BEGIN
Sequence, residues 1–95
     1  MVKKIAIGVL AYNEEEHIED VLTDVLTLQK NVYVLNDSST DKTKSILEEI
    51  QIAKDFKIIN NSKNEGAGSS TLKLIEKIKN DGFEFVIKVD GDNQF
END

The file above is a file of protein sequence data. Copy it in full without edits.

Sequence, residues 1–95
     1  MVKKIAIGVL AYNEEEHIED VLTDVLTLQK NVYVLNDSST DKTKSILEEI
    51  QIAKDFKIIN NSKNEGAGSS TLKLIEKIKN DGFEFVIKVD GDNQF